Koeneke said that, although the voice recognition systems of the five software companies studied are proprietary and opaque, making any theory hard to verify, the disparities are most likely due to the limitations of the “acoustic model.” This model detects variations in intonation and prosody: the rhythms, syllable stress, and rising and falling pitches that make a Boston accent different from a Chicago accent.
This is distinct from the “language model,” which focuses on grammar and sentence structure.
Mistaking “second grade” for “seven braids” or “sitting” for “staying” appear to exemplify the faults of the acoustic model in recognizing subtle pronunciation differences, as described by Baugh.
“From the days of Bell Labs, a specific voice frequency band was chosen that still governs how our phones and microphones work.”
The automated transcription service Rev reports on its website that word error rates are calculated by a formula that includes substitutions (when words are replaced), insertions (when words are added that weren’t said) and deletions (when a word is left out completely). The number of variables speaks to the complexity of faithfully interpreting and reproducing speech — particularly in conversation, where it is highly unpredictable. A podcast is much more difficult to reproduce than basic commands to a digital assistant.
Another part of the problem may lie in the recording technology used to collect the data. “From the days of Bell Labs,” writes Joan Palmiter Bajorek, who is head of conversational research and strategy at the Australian voice and digital agency VERSA, “a specific voice frequency band was chosen that still governs how our phones and microphones work. Thus, the quality of the hardware and whether you’re using a 180-degree microphone does matter significantly in accuracy rates.”
In addition, “physical factors (women are typically shorter and have smaller vocal tracts) play a part in voice data,” she wrote in an email. “However, this does not explain the disparities completely. If your data set does not contain diverse demographics, it will most likely not perform well for diverse demographics.” And “if the data sets are incredibly biased, those discrepancies make it perform terribly for data it has not seen much of before, if at all,” she wrote.
There can be problems on the language side of the model too. After the acoustic model makes its best guess at what a speaker is saying by parsing the audio file into phonemes, Cox said, the language model attempts to correct incongruities and fill in the gaps through linguistic associations. The machine learning applications that do this are likely to contain societal biases.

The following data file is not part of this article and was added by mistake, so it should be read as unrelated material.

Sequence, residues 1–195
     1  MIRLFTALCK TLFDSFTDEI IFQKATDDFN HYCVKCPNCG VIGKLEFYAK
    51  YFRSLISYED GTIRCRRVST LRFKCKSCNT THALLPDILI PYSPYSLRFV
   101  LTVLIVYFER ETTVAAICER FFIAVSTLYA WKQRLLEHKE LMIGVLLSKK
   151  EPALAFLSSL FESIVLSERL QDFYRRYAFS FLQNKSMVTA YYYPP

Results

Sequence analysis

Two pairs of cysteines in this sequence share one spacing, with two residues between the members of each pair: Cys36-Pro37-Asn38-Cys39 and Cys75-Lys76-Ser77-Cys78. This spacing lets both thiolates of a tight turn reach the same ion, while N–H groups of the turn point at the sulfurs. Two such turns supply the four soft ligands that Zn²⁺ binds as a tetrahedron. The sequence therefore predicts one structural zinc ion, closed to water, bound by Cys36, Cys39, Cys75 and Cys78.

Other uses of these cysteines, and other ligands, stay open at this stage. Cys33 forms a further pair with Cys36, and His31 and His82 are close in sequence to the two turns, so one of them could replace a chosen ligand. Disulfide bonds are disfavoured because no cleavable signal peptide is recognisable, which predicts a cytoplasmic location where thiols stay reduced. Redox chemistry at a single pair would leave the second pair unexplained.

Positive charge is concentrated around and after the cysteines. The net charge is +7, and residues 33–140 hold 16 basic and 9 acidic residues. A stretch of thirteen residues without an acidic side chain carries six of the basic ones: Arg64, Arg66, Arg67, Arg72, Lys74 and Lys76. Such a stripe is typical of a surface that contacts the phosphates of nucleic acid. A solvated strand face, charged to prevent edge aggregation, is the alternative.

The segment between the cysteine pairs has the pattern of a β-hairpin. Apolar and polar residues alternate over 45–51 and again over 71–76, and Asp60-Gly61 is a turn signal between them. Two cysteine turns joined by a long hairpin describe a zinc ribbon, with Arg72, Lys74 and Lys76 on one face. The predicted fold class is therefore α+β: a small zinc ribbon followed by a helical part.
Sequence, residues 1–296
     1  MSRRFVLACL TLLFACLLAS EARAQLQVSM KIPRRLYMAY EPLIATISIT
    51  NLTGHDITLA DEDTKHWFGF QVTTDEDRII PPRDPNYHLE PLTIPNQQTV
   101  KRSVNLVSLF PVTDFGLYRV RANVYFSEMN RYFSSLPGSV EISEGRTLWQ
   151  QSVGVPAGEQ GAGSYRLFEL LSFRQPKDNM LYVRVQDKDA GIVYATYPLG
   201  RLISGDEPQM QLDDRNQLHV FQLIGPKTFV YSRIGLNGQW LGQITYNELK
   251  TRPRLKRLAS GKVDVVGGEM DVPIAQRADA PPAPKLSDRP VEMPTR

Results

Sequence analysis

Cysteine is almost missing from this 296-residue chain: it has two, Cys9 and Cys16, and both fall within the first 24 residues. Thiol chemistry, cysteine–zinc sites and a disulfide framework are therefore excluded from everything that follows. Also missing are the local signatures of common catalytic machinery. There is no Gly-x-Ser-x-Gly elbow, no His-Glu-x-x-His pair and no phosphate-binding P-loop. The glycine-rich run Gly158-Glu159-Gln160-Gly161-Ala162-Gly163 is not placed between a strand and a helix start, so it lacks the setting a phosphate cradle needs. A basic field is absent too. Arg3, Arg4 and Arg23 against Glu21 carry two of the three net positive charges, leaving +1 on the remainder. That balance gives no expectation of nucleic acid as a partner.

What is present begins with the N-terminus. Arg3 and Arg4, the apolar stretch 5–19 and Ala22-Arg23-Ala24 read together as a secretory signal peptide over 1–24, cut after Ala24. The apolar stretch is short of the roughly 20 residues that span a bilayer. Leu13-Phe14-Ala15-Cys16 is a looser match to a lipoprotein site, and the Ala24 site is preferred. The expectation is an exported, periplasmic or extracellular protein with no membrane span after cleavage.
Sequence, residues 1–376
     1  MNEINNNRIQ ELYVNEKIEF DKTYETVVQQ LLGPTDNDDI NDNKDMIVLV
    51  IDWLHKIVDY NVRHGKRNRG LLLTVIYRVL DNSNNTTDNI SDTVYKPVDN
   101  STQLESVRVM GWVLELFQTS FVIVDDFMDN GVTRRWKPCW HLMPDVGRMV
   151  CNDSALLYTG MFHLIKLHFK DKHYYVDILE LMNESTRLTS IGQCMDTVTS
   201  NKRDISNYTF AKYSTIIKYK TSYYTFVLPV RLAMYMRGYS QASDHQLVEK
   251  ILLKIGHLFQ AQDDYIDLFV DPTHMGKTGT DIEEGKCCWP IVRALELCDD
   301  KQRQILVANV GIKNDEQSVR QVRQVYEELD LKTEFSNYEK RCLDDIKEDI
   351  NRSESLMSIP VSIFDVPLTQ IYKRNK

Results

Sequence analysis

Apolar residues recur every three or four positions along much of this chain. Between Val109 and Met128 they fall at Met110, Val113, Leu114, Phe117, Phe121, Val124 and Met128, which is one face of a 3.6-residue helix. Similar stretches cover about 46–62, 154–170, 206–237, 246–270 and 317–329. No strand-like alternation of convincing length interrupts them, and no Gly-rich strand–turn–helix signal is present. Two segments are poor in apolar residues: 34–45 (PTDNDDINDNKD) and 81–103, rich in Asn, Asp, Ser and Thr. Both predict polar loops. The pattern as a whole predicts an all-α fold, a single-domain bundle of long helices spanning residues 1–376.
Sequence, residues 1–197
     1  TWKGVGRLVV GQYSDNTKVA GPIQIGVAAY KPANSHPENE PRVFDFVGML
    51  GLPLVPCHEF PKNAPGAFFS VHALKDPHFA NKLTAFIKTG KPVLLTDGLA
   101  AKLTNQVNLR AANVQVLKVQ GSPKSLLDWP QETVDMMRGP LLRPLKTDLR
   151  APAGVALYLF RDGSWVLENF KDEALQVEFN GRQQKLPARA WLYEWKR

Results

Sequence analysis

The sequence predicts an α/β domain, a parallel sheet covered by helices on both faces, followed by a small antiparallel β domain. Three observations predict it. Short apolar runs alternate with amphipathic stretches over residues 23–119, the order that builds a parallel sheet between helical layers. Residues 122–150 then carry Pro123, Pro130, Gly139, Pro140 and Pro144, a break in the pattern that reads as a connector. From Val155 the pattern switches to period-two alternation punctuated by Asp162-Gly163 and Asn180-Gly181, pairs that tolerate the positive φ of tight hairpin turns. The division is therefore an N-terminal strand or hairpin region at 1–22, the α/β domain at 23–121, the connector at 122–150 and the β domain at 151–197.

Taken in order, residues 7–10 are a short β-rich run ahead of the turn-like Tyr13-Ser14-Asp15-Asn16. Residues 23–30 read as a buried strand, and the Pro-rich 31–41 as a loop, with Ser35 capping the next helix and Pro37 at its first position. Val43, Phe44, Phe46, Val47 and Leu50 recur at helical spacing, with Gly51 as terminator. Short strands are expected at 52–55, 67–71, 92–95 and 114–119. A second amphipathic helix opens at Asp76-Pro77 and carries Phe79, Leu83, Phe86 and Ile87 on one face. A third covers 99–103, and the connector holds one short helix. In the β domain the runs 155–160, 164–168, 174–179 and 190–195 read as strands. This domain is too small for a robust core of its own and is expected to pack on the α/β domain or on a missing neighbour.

As Cox writes in the Harvard Business Review, “type the Turkish ‘O bir hemşire. O bir doctor’ into Google Translate and you’ll find ‘She is a nurse’ and ‘He’s a doctor.’ Despite ‘o’ being a gender-neutral third-person pronoun in Turkish, the presumption that a doctor is male and a nurse is female arises because the data used to train the translation algorithm is skewed by the gender bias in medical jobs.”
A similar phenomenon could be particularly problematic to Black Americans in the U.S., he writes, with a University of Bath study “showing that, in typical data used for machine learning, African American names are used more often alongside unpleasant words” than European American names.
He points out that the disproportionate number of African Americans incarcerated in the U.S,. and the number of news reports surrounding them, is a dangerous cocktail when it comes to machine learning training data, which historically has been culled from audiobooks, public talks, phone calls and YouTube videos.
And the structural disparities embedded in these systems could actually grow worse, if left unaddressed, Koeneke said: “If you think about Google’s products, they’re collecting data from their users, but, of course, if only white users are able to successfully use Google Voice or Google Assistant, then they’ll be more likely to continue using the product and generating more training data for Google.”